On Monday, the U.S. Supreme Court turned away a request by James Bopp Jr. and Iowa Right to Life (IRTL) to strike down a state law that bans corporations from giving money directly to political candidates in Iowa. The denial of review came just days after the Court struck down individual campaign limits in McCutcheon v. Federal Election Commission.
The case, Iowa Right to Life Committee v. Tooker, raised the issue of whether state bans on direct corporation-to-candidate contributions violate the Equal Protection Clause of the 14th Amendment. During the 2010 election, Iowa Right to Life wanted to donate to a candidate running for attorney general but claimed the state’s contributions disclosure law prevented it
from doing so. That’s because any expenditure over $750 made by IRTL would require it to register as a political action committee (PAC) and disclose its donors, which IRTL does not want to do. The group sued, arguing the law unconstitutionally treated corporations differently than other entities, like labor unions, in their ability to make direct contributions to candidates. IRTL lost at both the district court and the U.S. Court of Appeals for the Eighth Circuit, which upheld the law generally on the grounds that it prevents political corruption.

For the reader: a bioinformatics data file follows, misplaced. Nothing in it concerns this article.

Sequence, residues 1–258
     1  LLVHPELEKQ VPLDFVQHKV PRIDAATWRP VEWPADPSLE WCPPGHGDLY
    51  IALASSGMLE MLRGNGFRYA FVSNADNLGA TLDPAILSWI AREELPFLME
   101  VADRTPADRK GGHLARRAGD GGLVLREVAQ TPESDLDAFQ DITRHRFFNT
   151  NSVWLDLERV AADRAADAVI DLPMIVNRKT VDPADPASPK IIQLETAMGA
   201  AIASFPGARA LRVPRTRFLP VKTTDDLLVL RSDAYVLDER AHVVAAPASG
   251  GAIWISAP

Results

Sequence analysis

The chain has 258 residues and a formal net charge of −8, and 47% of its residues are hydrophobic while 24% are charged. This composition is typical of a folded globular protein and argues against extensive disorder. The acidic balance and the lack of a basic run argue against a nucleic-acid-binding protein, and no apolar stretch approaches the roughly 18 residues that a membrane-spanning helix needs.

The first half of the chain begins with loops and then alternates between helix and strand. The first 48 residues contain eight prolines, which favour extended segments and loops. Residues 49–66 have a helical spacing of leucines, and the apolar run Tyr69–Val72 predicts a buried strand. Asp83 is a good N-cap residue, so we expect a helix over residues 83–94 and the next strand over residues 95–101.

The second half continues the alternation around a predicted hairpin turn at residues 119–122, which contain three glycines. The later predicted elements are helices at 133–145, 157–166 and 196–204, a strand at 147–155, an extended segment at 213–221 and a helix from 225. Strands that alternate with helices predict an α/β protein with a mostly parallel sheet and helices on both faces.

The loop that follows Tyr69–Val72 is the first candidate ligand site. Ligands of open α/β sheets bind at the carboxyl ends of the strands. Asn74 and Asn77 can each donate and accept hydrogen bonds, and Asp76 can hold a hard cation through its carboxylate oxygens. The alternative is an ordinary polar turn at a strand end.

Had the Supreme Court decided to hear the case, it would have provided an opportunity to consider whether or not groups like IRTL have a “major purpose” in political advocacy and should therefore be subject to disclosure laws. Such a case also would have provided the opportunity for the Court to extend the McCutcheon decision to target those few remaining restrictions on corporate political spending.
The Supreme Court issued its denial without comment, so for now state laws like Iowa’s that set limits on corporate campaign contributions stand.